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Dipl. Pflegewirtin (FH) Charlotte Berendonk

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Graduate Program Dementia“, NAR, Heidelberg University


Fotos Berendonk
Interview of March 25, 2013 with Birgit Teichmann


What exactly is biography work?

Before I explain the meaning of biography work, I want to say something about biography. Biography or life story refers to a subjective representation of ones own life and lived time. Life story rather means the course of life e.g. place of birth, education, professional career. With their biography, each person describes their own way of looking at life. For example, experiences that were individually important and connected to emotions. We should be aware that biography is newly constructed with each dialogue partner.

We are all our lived life story, meaning that on one hand our biography is saved in our autobiographic memory. But on the other hand, it is also embedded in the body memory-  everything we do habitually, our rituals, familiar activities etc-, are placed in an implicit part of memory. These aspects of our biography can be hard to put into words sometimes. When we are asked about our biography, we often forget our habits and usually remember different incidents during our time in school, being a teenager, etc.

As part of biography work, we specifically look at significant memories, interests, habits etc. of the person being cared for. Through this data, carers want to get to know the person cared for better, and find out which individual measures can be taken for the support of life quality for these people.


In what way does good biography work, respectively knowledge of the biography of people with dementia, facilitate care?

In the care and support of people with dementia, biography work is a significant concept. The current experiences of people with dementia are characterized by past experiences and can therefore only be understood, classified and influenced by knowledge of this biography. Without consideration of individual lifetime backgrounds, needs of people with dementia are often unknown and wrongly interpreted and thereby their wellbeing is threatened and reduced.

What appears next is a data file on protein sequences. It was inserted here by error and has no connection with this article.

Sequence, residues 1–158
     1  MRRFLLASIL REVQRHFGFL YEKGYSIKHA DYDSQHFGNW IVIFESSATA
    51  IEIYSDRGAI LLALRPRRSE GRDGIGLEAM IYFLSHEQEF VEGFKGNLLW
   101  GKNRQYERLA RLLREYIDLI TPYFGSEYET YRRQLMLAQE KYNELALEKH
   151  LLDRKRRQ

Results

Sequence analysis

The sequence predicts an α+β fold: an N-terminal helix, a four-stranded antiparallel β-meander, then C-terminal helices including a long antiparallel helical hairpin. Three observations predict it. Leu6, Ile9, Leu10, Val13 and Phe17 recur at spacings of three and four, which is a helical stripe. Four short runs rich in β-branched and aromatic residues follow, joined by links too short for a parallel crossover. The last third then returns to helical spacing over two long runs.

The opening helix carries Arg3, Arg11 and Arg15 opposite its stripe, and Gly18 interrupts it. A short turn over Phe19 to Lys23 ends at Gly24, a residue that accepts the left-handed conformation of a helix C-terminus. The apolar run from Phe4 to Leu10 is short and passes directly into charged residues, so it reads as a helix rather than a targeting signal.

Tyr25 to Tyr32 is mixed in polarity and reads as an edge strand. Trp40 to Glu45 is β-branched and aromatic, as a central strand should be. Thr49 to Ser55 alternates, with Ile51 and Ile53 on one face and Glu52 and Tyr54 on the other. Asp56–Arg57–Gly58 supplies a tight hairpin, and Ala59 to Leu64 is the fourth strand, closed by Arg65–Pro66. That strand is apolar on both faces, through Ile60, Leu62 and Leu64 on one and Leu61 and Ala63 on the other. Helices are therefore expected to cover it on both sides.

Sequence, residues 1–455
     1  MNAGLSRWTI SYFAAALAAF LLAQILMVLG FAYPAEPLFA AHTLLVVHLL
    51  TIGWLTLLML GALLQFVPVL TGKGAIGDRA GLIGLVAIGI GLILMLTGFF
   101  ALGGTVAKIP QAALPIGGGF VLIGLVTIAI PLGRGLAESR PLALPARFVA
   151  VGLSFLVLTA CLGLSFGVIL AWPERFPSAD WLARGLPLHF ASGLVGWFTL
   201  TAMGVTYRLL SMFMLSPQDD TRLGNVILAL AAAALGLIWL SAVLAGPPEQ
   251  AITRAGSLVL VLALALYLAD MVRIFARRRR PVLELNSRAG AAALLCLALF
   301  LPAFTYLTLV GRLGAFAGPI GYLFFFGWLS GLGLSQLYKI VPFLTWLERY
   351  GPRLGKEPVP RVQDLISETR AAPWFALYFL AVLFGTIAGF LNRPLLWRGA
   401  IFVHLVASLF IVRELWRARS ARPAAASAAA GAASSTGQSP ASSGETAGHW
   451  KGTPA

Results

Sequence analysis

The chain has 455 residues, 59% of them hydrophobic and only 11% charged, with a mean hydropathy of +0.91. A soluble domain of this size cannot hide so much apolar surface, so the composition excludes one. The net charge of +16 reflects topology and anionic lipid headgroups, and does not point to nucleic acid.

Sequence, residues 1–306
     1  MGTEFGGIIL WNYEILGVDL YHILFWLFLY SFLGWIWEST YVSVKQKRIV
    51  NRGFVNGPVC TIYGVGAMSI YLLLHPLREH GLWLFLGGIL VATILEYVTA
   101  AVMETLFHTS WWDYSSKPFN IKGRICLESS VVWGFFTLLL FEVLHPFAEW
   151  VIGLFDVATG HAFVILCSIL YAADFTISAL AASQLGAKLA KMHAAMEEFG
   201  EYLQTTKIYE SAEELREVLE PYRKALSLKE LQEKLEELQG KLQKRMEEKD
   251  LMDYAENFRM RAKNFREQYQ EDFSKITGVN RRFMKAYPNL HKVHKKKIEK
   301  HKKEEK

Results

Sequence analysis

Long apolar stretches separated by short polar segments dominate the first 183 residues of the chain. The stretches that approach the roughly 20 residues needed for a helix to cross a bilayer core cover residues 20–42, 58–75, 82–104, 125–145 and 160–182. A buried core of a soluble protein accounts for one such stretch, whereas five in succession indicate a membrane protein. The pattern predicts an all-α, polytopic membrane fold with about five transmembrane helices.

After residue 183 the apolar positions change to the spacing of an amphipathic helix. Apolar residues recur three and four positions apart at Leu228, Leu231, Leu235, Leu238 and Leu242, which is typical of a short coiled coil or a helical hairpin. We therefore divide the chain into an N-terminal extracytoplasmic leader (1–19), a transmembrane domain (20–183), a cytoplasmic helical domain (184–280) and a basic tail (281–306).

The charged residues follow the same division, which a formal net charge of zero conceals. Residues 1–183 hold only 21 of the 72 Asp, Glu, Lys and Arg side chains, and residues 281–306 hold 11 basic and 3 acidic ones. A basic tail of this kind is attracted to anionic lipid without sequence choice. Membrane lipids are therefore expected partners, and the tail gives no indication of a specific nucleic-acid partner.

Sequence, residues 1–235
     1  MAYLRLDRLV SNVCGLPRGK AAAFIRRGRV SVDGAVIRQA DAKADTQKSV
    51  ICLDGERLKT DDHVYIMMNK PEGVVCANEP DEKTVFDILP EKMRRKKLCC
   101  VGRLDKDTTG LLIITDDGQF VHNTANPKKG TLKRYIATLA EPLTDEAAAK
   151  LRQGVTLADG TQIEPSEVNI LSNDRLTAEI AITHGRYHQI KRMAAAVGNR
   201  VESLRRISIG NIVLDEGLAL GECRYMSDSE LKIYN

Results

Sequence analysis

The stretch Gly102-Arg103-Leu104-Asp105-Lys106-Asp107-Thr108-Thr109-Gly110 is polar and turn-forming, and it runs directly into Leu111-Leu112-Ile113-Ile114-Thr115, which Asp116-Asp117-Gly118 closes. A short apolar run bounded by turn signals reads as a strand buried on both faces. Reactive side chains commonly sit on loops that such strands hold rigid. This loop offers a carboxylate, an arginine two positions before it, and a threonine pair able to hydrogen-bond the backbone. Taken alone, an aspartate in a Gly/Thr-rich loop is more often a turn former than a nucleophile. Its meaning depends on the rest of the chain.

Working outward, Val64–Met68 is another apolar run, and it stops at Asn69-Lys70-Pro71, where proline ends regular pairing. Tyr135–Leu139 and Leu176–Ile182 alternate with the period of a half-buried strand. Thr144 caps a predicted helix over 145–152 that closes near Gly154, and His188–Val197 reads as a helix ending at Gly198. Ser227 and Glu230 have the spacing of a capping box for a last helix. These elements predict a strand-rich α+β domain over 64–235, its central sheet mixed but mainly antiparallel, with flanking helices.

In literature and also in the interviews held within my PhD project, it became clear that the understanding of people with dementia is getting better. When I look back at my interviews now, I was often told by the interviewed people that their understanding of a persons behaviour is better, when they know more about the life of that person. For example, when a person with dementia shows behaviour that is connected to their past working life, carers can understand this better by having knowledge of the persons working life. Another example are habits. One study participant mentioned that the team was very irritated because one female patient would not go to bed at night but wanted to sleep in her chair. It became clear through talks with the relatives, that this had been her usual sleeping position for the last few years. Therefore the carers were able to act different in this situation.

A greater understanding of the cared for person is one aspect of biography work. The other part is taking measures for preservation of the wellbeing in care and therefore achieve individual care. For example, when a carer knows that someone liked to talk about certain things, he or she can target that subject while interacting with the person with dementia, especially when he is unable to initiate it himself. In this way, the carer can try to better the wellbeing in the current situation.


Is it known that some people are happy to have forgotten their past? Maybe due to too many losses or because they want to escape their past for other reasons?

Definitely! This needs to be respected. There always will be people that say: I do not want to disclose myself. Or I don’t want my information written down. He or she is entitled to and it should be accepted by everyone.

This was also a topic in the interviews. The interview partners mentioned, that they have to be really sensitive and move forward slowly, because biographical information is something really private. You shouldn’t come with a biographic questionnaire to get information on the first day because it needs trust. The carers also said, that people with dementia differ on who they tell what. So co-workers in a team do not always have the same state of knowledge, it depends on sympathy, on the relationship that develops. So they know different things about the person with dementia.